Happy Anniversary, dear husband. Thank you for sharing the past 31 years with me, not always by my side, but in my soul and part of me. I look forward to many more. And you know what? It really does just keep getting better and better!

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The wife I want to be when I grow up…

CinderellaIt may start out with Cinderella. A little girl wants to wear the frilly, flowing gown and the sparkly, glass slippers. And, “Oh yeah, I need a Prince to go with that pretty dress!” The husband of her dreams is actually an accessory.

Summer SceneI moved on to the cottage perched daintily in a grassy meadow, pink flowers sprinkled here and there, a rose covered white picket fence guarding the little house. I would have lots and lots of children skipping through the meadow, laughing and playing together in utter enjoyment of one another’s company. I don’t know where they all slept in that tiny house, but dreams don’t make sense a lot of the time. A husband and father…he was around…somewhere.

As I grew older, I thought more about the kind of husband I actually wanted to be married to. Of course he would have to be handsome and love me immensely. Yes, I would love him and I still wanted the little cottage and a couple of children. They would still frolic in the meadow, loving one another and never arguing. I don’t know why I thought this, I grew up the oldest of four. But again, dreams seldom make sense.

Thankfully, by the time I was old enough to marry I was thinking more about the attributes of a husband. I wanted him to be patient and kind, hard-working and willing to support a family. (Remember, I was down to two children by this time, not a tough job.) I wanted him to love the Lord as I did and live his life for Him. Of course I still hoped he would be handsome and funny and love me forever. I still wanted the rose covered picket fence and adorable house.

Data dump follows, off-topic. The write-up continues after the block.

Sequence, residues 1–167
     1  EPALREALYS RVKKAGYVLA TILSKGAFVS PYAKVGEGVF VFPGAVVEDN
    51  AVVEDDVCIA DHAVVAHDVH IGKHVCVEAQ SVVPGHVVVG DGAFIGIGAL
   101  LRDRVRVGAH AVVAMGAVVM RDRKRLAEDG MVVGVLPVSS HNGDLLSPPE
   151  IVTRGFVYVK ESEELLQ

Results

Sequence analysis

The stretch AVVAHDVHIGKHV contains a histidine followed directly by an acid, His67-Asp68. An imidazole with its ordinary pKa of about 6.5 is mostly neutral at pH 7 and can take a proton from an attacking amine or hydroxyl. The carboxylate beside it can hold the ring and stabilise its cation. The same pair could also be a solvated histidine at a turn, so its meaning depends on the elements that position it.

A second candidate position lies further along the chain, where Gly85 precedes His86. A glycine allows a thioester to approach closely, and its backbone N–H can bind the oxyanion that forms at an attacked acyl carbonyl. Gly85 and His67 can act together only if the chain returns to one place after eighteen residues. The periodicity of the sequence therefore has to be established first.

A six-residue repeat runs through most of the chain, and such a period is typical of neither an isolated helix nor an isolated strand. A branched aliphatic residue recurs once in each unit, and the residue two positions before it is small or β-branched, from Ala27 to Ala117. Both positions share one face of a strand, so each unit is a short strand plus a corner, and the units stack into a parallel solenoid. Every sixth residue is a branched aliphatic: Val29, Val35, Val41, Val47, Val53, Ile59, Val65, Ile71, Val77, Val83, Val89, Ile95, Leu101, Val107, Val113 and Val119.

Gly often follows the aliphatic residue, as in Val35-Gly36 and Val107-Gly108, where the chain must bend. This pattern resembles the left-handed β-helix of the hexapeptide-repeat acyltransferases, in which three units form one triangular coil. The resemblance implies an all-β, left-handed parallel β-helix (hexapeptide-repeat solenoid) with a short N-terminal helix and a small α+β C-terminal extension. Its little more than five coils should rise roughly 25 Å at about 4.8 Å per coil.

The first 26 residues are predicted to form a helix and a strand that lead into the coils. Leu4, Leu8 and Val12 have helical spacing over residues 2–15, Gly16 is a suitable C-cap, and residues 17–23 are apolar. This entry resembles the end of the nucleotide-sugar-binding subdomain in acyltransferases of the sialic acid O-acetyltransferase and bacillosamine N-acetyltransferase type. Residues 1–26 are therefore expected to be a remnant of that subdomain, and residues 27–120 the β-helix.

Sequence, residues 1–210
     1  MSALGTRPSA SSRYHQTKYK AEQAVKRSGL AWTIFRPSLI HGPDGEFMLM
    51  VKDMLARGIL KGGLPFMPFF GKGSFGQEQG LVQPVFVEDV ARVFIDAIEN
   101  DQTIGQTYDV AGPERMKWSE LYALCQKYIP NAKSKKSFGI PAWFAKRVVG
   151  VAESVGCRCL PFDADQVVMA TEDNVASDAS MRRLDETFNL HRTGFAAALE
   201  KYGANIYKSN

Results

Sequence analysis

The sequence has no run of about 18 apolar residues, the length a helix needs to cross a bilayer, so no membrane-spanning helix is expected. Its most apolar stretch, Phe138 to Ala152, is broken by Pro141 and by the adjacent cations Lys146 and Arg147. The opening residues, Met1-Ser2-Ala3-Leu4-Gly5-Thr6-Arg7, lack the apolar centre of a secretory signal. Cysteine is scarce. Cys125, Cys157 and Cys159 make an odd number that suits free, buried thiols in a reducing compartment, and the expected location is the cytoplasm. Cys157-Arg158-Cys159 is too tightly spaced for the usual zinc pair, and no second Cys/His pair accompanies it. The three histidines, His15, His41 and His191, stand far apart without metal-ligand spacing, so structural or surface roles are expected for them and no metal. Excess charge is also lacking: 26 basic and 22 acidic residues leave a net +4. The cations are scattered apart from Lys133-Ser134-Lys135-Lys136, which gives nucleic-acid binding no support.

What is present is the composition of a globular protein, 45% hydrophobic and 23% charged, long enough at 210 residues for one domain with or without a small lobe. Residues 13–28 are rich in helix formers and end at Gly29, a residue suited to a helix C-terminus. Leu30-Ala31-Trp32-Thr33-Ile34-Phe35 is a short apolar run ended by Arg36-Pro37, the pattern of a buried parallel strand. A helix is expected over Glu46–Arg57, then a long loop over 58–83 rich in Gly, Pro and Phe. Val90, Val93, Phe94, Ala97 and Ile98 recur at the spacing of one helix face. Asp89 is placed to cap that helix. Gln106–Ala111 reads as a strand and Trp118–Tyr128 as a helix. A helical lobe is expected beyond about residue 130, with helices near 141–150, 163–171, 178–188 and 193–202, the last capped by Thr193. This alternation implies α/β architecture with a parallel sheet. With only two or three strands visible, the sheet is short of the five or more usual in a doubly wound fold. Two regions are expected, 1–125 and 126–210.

And what kind of wife was I going to be? I knew I could cook and clean and again, I was the oldest of four and had babysat…A LOT before I married. I could do all the everyday tasks of general survival and I was and am still pretty good at them. But what kind of wife am I?

Do I lift my husband up in prayer each day? Do I support him in his endeavors as he always has mine? Do I give him a smile even when I don’t wish to, a stroke of his back when I know he’s down? Do I prepare a special meal for him just because he means so much to me and I want to show him I care…even when my day has been lousy? Do I love him and stick with him even when there are times when I want to run from all the responsibilities of being a wife and mother?

Honestly…I can answer ‘no’ to each question above.

The wife I want to be when I grow up…is no longer a dream. I can make it my reality, my life. Not through my own strength, but God is there, showing me the way. The wife I want to be is loving and kind. Giving that pat and smile even when I don’t ‘feel’ like it. Being by my husband’s side even when I want to run. There is no honor or beauty in ‘having our own way’ or expressing our ‘rights’.

I am fortunate and blessed. My husband shows me daily how to be loving and kind. He always has been there for me, even when I haven’t deserved it or earned it. No, it’s not a special day for us…not an anniversary of any kind. But it is another day we have to be together and share our lives. God has blessed us abundantly over the past 30 years. And He is still working on me to become the wife I want to be when I grow up.

I pray the same for you.